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Suppose I have a multidimensional brownian motion $W=\{W_t\}$. Why is the following true:

$$\langle W^k,W^l\rangle_t = \delta_{k,l}t$$

where $W^k$ denotes the k-th coordinate, $\langle \cdot,\cdot\rangle$ denotes the bracket process and as usual $\delta_{k,l}$ the kronecker symbol.



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up vote 1 down vote accepted

The part which is not a definition is a consequence of the fact that two independent martingales $X$ and $Y$ are such that $\langle X,Y\rangle=0$.

This fact itself is a consequence of the following simple computation. For every $s\leqslant t$, $X_tY_t$ is $X_sY_s$ plus a sum of three terms $(X_t-X_s)Y_s+(Y_t-Y_s)X_s+(X_t-X_s)(Y_t-Y_s)$, where each term has zero conditional expectation conditionally on $\sigma(X_u,Y_u;u\leqslant s)$. Thus, $XY$ is a martingale and, in particular, $\langle X,Y\rangle=0$.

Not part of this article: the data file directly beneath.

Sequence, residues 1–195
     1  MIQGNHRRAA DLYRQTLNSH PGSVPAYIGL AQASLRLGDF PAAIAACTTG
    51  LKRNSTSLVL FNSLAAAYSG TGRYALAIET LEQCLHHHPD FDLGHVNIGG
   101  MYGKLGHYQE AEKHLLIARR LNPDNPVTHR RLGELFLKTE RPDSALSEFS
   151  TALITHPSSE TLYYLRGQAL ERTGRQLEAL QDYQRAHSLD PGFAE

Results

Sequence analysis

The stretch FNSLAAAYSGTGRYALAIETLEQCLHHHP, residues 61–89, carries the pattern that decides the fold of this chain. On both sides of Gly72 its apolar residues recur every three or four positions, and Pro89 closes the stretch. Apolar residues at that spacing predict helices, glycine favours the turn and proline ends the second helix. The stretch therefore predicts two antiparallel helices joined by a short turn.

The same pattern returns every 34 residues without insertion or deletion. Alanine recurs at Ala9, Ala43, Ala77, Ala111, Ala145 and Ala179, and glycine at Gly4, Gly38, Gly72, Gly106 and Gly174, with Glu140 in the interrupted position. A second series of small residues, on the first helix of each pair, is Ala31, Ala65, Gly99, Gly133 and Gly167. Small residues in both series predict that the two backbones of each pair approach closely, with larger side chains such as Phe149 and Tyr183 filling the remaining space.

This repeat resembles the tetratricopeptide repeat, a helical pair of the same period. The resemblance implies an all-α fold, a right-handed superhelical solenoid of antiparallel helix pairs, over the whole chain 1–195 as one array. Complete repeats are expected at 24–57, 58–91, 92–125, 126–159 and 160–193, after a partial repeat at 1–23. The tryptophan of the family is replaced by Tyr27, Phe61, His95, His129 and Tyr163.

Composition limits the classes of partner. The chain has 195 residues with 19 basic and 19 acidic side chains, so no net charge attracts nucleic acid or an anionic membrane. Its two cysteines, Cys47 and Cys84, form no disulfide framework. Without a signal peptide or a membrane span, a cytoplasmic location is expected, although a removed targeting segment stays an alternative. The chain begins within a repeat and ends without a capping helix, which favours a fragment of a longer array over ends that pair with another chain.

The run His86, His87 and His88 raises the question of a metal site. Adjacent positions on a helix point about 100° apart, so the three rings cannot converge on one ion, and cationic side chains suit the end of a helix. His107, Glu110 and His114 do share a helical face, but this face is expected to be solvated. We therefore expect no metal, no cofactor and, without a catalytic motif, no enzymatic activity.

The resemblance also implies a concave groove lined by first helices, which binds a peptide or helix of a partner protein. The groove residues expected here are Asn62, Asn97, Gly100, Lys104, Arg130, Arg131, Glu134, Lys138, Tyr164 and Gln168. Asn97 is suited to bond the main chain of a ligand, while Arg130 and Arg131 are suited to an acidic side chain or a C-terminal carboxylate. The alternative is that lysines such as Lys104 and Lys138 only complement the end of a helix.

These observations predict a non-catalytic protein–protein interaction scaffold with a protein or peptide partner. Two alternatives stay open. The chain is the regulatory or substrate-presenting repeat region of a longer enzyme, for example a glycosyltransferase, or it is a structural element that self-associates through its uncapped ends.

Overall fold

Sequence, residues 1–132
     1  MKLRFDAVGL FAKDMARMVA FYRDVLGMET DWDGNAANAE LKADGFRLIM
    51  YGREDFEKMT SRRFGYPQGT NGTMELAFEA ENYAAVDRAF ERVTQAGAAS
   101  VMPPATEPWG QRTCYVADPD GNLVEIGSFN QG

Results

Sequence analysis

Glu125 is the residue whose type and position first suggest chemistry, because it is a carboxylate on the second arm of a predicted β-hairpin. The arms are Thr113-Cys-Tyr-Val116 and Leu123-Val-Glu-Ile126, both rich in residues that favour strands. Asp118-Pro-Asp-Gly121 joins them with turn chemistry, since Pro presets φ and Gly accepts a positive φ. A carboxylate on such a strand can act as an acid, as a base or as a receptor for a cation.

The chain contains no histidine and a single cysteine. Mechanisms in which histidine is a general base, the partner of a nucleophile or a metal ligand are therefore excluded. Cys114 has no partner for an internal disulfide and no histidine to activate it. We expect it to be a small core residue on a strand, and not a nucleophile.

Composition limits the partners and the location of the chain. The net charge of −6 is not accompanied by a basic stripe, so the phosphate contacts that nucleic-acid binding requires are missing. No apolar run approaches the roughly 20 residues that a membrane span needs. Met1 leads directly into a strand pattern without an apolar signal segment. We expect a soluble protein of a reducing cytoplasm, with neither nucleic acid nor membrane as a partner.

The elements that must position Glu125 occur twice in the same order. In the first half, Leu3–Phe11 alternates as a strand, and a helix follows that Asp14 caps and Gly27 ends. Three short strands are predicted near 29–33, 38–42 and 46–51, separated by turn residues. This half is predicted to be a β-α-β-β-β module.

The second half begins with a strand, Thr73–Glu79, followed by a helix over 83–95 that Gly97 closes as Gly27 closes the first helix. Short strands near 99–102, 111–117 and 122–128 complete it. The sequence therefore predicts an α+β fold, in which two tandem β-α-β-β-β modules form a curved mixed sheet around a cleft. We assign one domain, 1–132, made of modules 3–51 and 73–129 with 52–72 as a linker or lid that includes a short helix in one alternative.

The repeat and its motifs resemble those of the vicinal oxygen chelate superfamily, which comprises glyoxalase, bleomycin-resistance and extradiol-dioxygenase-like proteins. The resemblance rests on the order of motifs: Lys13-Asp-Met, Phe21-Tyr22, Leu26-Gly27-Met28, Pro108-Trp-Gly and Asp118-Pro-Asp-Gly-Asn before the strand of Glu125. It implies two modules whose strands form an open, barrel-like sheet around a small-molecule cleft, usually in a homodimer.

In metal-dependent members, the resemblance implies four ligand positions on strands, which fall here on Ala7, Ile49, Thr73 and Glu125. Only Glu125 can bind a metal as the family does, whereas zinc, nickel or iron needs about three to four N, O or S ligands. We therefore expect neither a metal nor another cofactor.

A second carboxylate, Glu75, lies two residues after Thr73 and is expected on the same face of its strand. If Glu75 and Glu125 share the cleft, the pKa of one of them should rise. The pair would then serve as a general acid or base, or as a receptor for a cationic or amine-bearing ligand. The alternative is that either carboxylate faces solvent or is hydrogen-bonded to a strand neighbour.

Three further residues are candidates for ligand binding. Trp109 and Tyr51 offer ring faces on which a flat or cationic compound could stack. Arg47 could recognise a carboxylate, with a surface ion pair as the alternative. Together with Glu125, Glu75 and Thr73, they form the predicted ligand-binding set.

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can you give me a reference for: if $X,Y$ are two independent stochastic processes, then $\langle X,Y\rangle =0$? I didn't know this result. With it, everything is clear. – math Jun 11 '12 at 11:15
Typo: two independent martingales. – Did Jun 11 '12 at 12:23
Why is it true, that if $XY$ is a martingale, then $\langle X,Y\rangle=0$? – math Jun 11 '12 at 12:48
Well, $XY$ and $XY-\langle X,Y\rangle$ are both martingales hence $\langle X,Y\rangle$ is a martingale. But $\langle X,Y\rangle$ has finite variation since $4\langle X,Y\rangle=\langle X+Y\rangle-\langle X-Y\rangle$ is the difference of two nondecreasing processes. And a martingale with finite variation is... – Did Jun 11 '12 at 14:43
constant :) Thanks a lot! – math Jun 11 '12 at 14:56

I can't give you a rigorous proof but it's esentially due to the stochastic nature of the Brownian motion: all $W^j$ are independent, hence the Kronecker delta and $\langle W^j,W^j \rangle \propto t$ (actually $2Dt$, where $D$ is the diffussion coefficient).

$\langle W^j,W^k \rangle$ gives information about the correlation of $W^j$ and $W^k$

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